- The Washington Times - Tuesday, July 9, 2002

Sounds of silence filled the air at the Miss Deaf America finals over the weekend, but the message was loud and clear: Hearing is overrated.

"Deafness is a state of mind, not a disability," Lyle Hinks, professor of sign studies at American River College in Sacramento, Calif., said in a written interview. "It is a cultural phenomenon experienced by common associations."

Contestants at Saturday's pageant in the District, a staple of the National Association of the Deaf's (NAD) biennial conference, had nothing to say about the "silence-impaired" world.

They let their body language do the talking.

"I've always been proud of being deaf, but I wasn't really close to deaf culture until I came here," finalist Rachel Hollis, Miss Deaf Oklahoma, said through an interpreter afterwards. "I'm even prouder of it today."

During the interview portion of the pageant, Tyese Wright, Miss Deaf Maryland, said she would be a "deaf role model."

An eruption of silent applause in American Sign Language (ASL), people shake both hands in the air greeted Miss Wright when she later went onstage in a stunning black and silver sequined evening gown to accept the 2002 Miss Deaf America crown.

Miss Wright's talent presentation, a defiantly quiet interpretation of Maya Angelou's "Still I Rise," in which sign language and dance merged, only reinforced the conference's attitude that deafness is anything but a burden.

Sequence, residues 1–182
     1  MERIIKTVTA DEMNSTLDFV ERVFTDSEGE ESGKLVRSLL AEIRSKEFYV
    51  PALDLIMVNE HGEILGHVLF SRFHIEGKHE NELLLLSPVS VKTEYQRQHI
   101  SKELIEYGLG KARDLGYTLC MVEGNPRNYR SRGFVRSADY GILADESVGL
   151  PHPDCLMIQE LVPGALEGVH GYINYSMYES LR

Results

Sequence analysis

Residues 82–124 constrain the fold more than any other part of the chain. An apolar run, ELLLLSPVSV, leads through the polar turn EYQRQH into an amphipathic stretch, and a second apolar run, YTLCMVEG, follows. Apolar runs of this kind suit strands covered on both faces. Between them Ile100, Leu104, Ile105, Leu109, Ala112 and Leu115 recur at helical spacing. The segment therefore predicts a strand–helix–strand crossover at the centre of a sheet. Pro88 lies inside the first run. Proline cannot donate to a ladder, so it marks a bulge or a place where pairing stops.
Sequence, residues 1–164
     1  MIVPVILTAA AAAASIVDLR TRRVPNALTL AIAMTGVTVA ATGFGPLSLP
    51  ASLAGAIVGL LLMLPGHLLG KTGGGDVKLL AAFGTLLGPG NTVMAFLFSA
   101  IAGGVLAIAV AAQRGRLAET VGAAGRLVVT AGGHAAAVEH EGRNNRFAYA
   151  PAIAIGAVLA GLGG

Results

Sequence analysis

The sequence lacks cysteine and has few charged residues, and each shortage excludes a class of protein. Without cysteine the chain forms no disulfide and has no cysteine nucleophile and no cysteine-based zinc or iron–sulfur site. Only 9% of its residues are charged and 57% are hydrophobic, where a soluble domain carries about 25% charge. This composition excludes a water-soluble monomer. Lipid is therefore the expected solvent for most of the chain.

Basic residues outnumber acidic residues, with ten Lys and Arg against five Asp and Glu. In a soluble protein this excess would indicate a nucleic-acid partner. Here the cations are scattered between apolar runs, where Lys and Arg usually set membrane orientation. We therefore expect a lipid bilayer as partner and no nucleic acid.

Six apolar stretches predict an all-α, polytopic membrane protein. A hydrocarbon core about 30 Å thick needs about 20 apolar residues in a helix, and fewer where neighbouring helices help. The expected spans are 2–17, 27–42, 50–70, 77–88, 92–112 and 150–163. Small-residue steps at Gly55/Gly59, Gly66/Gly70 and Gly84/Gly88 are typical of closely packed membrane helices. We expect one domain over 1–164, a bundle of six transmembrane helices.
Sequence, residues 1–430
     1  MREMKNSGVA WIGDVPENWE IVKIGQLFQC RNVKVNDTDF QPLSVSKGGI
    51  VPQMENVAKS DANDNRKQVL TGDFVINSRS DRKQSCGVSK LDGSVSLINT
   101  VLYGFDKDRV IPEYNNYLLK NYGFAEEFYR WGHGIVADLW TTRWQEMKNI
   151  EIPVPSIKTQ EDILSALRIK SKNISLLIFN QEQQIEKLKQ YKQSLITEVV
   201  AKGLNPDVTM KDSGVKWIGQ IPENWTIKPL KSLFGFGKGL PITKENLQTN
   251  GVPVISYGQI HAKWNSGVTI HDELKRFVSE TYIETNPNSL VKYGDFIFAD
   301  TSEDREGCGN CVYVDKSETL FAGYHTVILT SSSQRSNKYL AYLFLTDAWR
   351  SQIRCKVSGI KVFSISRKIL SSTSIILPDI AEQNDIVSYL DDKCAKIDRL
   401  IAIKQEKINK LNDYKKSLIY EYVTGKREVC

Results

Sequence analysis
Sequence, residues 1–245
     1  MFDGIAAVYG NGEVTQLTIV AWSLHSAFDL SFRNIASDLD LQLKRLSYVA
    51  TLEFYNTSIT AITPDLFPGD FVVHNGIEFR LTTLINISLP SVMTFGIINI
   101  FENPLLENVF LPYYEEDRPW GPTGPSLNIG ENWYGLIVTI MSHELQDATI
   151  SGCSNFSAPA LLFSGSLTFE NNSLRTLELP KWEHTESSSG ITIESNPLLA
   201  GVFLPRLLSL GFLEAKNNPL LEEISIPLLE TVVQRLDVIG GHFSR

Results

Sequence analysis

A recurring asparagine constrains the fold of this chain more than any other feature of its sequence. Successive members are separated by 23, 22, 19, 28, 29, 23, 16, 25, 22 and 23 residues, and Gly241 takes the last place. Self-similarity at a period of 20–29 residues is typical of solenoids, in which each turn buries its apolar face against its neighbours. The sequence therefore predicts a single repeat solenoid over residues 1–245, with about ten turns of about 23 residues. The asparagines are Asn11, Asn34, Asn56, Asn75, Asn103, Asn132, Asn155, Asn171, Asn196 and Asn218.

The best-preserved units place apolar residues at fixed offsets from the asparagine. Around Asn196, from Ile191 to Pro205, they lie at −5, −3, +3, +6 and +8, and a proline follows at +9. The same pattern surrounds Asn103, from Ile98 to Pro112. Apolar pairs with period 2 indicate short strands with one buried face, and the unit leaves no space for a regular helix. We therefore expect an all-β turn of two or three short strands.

"Does my sassiness upset you?" the poem demanded as Miss Wright, 22, gyrated wildly.

"I am fascinated with deaf culture," wrote May, a young NAD first-timer from Maryland who wouldn't give her last name, in an interview prior to the show. "I benefit a lot from seeing these things."

More than 2,000 people attended this year's conference, the NAD's 46th, which began Wednesday and ended yesterday . The Deaf College Bowl finals, followed by a play entitled "Deafia: a Day in the Life of the Deaf Mafia," highlighted Friday's evening program.

Mr. Hinks said the "close bonds created by similar outlooks" and the "unique and treasured language" they share gives the deaf a unique sense of advantage that people with good hearing just can't understand.

"This conference has many social events, which are very enjoyable to us," he said. "We have a common culture, and we want the same things that [hearing] people enjoy."

Daily panel talks at the Marriott Wardman Park Hotel in Northwest, this year's event site, covered everything from investment banking to youth leadership and were rarely staffed with interpreters.

"Most of the presenters don't want any interpreters," admitted one NAD organizer, whose hearing is fine.

In the meantime, a plethora of deaf-centered exhibits dominated by leading telecommunications companies from AT&T to Sony Ericcson filled the lower level of the hotel throughout the conference.

Conference-goers and pageant participants, who could frequently be spotted pounding the keyboards of their teletypewriter (TTY) telephones between events, emphasized the importance of new technology to modern deaf identity.

"The deaf community relies heavily on wireless communications such as TTY," said Motorola disabilities coordinator Nancy Valley, who handed out business cards printed in Braille on one side.